Tanzanian President Jakaya Mrisho Kikwete recently sat down for an hour-long interview with AllAfrica's Reed Kramer and Tami Hultman at State House in Dar es Salaam. In the wide-ranging conversation, he addressed issues of health, education, corruption, food security, regional integration, civil society and economic growth. Here are President Kikwete's observations, beginning with climate change.
What are you doing along with other African leaders, to make a difference on climate change?
First, let me express my deepest appreciation that there is now a greater awareness of the whole issue of climate change than there was in the past.
I think that is because all of us are beginning to feel the effect of climate change.
There now has been rainfall unreliability for the past three years, consecutively, and we don't have good rains in many parts of the country.
This year there is drought in the areas of the country that border Kenya, and the Masai that live along the border are suffering immensely. They have lost a lot of their cattle. There is no pasture, no water for their cattle. It's a very disastrous situation. The changing water patterns are very much a factor of climate change, and it has dawned on us that this thing is real.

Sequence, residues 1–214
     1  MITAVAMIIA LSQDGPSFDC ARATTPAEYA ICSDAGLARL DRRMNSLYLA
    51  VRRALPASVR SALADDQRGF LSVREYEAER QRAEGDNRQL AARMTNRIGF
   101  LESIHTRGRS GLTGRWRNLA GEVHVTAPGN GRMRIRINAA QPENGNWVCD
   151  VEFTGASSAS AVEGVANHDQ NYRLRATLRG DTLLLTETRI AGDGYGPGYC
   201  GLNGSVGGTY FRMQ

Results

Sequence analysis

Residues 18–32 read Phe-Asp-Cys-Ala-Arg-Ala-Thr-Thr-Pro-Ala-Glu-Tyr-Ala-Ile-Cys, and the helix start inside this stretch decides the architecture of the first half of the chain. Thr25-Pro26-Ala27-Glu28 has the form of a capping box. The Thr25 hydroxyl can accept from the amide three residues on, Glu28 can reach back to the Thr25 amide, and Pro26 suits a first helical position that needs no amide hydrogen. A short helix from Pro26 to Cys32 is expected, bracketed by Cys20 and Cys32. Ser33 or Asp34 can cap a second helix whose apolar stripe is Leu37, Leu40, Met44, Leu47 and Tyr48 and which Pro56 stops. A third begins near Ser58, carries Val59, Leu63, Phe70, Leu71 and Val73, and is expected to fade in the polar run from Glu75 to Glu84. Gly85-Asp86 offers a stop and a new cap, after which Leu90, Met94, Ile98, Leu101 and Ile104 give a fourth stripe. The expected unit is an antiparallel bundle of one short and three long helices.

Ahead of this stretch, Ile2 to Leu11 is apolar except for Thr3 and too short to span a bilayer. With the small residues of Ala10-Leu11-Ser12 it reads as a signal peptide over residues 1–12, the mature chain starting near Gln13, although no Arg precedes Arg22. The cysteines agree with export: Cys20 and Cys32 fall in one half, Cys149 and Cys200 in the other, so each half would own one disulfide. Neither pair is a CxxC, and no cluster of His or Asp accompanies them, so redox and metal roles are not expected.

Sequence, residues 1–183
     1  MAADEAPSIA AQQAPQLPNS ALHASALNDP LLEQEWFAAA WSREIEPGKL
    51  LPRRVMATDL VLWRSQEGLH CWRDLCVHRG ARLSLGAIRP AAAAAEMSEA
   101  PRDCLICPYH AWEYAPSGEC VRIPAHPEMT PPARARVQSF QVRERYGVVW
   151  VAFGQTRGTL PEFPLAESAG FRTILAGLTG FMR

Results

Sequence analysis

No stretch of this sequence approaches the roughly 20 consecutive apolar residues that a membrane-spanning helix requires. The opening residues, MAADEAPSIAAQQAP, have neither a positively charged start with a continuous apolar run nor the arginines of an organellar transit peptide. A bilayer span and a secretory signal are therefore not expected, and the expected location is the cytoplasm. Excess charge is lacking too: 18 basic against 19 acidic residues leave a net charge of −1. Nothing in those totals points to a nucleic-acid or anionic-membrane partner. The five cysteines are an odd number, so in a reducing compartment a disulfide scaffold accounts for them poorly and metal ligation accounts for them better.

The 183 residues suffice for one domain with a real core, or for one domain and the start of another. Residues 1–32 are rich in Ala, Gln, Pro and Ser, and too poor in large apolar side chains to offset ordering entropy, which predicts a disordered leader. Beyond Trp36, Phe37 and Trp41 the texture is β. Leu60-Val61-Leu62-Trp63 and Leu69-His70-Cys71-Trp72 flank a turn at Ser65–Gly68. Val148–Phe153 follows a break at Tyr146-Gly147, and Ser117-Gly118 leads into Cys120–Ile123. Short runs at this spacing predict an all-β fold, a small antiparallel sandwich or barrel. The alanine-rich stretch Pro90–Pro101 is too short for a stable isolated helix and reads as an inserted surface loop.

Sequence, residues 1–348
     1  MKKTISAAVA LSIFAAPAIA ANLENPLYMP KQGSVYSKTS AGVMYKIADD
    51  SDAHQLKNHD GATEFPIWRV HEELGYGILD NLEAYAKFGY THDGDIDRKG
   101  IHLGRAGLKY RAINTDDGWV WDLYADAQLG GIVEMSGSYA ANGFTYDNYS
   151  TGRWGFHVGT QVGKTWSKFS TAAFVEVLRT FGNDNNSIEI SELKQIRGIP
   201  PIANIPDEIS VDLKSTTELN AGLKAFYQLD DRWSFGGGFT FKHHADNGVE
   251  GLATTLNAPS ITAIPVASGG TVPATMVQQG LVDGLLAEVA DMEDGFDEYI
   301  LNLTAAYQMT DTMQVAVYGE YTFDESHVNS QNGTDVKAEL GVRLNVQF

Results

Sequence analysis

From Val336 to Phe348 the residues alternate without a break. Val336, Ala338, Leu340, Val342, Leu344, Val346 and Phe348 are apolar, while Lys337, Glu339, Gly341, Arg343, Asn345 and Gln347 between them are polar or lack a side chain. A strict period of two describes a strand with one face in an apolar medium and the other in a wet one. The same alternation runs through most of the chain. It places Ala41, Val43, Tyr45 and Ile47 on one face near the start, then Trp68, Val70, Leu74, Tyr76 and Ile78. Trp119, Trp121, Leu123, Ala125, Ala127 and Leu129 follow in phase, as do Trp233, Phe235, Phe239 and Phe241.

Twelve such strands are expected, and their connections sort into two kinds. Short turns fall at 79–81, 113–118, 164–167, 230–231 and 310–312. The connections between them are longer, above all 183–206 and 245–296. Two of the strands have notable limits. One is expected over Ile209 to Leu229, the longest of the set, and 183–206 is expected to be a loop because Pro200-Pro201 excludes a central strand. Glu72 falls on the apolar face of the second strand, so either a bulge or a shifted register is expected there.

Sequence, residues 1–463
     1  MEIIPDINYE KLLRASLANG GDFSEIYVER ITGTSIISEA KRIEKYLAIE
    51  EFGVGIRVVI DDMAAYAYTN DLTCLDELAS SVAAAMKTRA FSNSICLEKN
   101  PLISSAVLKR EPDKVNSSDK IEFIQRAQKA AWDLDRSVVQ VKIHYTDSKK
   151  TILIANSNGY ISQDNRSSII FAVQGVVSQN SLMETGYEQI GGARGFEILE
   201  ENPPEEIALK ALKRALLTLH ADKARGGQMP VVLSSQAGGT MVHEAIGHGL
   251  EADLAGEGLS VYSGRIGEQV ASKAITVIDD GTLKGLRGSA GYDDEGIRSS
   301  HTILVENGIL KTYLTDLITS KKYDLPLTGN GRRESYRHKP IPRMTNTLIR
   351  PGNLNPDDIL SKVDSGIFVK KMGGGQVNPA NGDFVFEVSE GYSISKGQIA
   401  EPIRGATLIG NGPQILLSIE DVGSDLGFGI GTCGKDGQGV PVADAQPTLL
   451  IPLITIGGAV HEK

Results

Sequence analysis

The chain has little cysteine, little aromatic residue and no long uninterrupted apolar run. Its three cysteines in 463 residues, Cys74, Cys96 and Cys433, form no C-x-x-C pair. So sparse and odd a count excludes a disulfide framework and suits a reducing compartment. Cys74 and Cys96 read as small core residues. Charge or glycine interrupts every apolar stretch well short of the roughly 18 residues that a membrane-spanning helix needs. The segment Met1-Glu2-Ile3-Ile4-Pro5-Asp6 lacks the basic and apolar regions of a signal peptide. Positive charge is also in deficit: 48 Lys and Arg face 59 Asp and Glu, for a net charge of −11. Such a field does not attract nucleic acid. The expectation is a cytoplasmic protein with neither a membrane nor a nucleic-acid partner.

We have problems, also, with rising sea levels. Along the coast here, many of the wells that used to have fresh water now have salt water. Sea water has come into those wells.
I come from Bagamoyo, just north of here. We grew up using water from wells. Now these wells don't have fresh water anymore. So you can see the effects.
There is one island north of Bagamoyo - Maziwe, near the coastal town of Pangani - that used to be the breeding place of the green turtles. It has been totally submerged. Disappeared! The turtles had to move along the coast. So we have these real problems.
Essentially it is a question of increased carbon dioxide - carbon emissions. We're not responsible for that. Of course, cutting trees can also contribute, but we have not cut so much. We have set aside close to 30 percent of our territory for conservation - conservation of wildlife and forest reserves. Of course, the charcoaling in urban areas involves a significant cutting of trees. But comparatively, you cannot blame that for the global warming.
What we're saying is that those who are responsible for huge carbon emissions into the atmosphere that cause the problems of climate change should take responsibility. We want equal, but differentiated, responsibility. This is the catch-phrase that we use.
Fortunately, these developed countries have the resources for reducing carbon emissions. But, also, they have the technology to prevent more emissions into the atmosphere. We just want them to do what should be done.
I think what is really lacking is political will. For us, we are busy with adaptation and mitigation. And for that, as well, we need the support of developed countries.